Yet the rosy figures brew unease at the Chinese Ministry of Commerce (MOFCOM). The enormous pressures of RMB (Renminbi) appreciation, anti-dumping charges leveled by trading partners, and the latest anti-subsidy bombs dropped by the United States keep many in the ministry awake at night. The list of trade dilemmas confronting MOFCOM seems ready to continue in perpetuity.
Add the little known secret of bad debt to that list.
Although hardly mentioned in discussions surrounding trade issues, the risk of devastating bad debt hovers like an albatross over Chinese exporters. Lu Yue, head of the Debt Collection Division of China Export & Credit Insurance Corp. (Sinosure), knows the story better than anyone. Lu shared his five years of experience as an international debt collector in an exclusive interview with Beijing Review.
A constant question clients raised in discussions with Sinosure was, "I can buy your insurance, but can you help me collect the overdue accounts?" Guided by the principle of helping domestic companies venture into the international market, Sinosure established the debt collection division in July 2002 with Lu at the helm.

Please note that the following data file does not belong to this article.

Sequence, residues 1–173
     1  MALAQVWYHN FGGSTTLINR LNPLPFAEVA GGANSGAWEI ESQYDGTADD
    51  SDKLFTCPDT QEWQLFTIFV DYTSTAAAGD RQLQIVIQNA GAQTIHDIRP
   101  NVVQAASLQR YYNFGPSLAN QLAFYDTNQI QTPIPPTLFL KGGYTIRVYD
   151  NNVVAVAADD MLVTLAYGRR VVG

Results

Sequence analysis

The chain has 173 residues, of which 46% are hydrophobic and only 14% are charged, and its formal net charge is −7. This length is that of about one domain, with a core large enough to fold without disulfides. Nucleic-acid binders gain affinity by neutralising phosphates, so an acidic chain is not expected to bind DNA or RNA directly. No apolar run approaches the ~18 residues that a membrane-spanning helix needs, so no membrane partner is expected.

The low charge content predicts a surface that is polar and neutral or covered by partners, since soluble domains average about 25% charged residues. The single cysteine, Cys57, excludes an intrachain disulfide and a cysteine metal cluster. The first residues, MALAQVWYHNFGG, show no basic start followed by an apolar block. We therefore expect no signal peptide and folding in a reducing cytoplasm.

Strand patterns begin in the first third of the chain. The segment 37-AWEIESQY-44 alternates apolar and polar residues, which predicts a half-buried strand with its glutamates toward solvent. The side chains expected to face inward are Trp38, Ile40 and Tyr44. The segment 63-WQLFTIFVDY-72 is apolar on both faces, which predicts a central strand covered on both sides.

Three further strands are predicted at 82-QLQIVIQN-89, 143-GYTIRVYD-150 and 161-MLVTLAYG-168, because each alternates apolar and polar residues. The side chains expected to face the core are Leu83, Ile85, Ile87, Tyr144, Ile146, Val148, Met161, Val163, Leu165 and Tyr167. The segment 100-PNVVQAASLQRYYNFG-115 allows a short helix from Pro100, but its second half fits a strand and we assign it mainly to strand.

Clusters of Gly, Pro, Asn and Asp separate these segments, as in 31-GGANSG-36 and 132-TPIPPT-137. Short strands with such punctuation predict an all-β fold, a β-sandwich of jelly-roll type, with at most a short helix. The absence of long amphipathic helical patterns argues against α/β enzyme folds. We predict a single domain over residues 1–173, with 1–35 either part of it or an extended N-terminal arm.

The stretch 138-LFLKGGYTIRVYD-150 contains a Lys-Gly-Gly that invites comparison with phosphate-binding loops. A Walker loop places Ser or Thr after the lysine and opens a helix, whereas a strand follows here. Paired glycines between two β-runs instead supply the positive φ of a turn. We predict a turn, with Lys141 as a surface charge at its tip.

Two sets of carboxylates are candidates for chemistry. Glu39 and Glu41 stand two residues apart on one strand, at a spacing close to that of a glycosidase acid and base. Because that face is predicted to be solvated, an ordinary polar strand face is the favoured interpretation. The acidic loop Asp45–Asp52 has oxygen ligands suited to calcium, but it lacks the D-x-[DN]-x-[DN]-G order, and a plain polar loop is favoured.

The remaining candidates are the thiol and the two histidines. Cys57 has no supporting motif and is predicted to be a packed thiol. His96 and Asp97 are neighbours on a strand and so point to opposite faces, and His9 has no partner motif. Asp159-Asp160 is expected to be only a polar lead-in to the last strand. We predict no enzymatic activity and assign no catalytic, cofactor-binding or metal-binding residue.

Overdue international accounts have been devastating.
The former TV giant Changhong Electric Appliances Co. is a prime example.
According to Beijing Times, Changhong's annual report for 2002 showed that the default payment from its U.S. partner APEX had reached $490 million. Cooperation between the two continued despite the default, but by 2004 Changhong could no longer sustain. Changhong's bad debt ratio stood high at 28 percent, with aggregate overdue accounts amounting to $300 million. In 2004, due to the losses incurred in the United States, Changhong lost nearly all of its net profit earned between 1998 and 2003. Since these body blows, the TV giant has stumbled in the market and is still treading water.
Has China benefited from the incredibly high trade surplus? There is no quick and easy answer.
Each year the trade surplus continues to swell. In 2006, it surged to $177.4 billion, up 74 percent from the previous year.
Analysts explain that many Chinese exporters are involved in low added-value production, which entails high energy and resource consumption and contributes to environmental degradation. When these products are exported, China's trade surplus grows and trade frictions increase, triggering international wrangling over China's resource and energy consumption.
In this whirlpool scenario, competitors say China is the one who benefits. Some claim otherwise.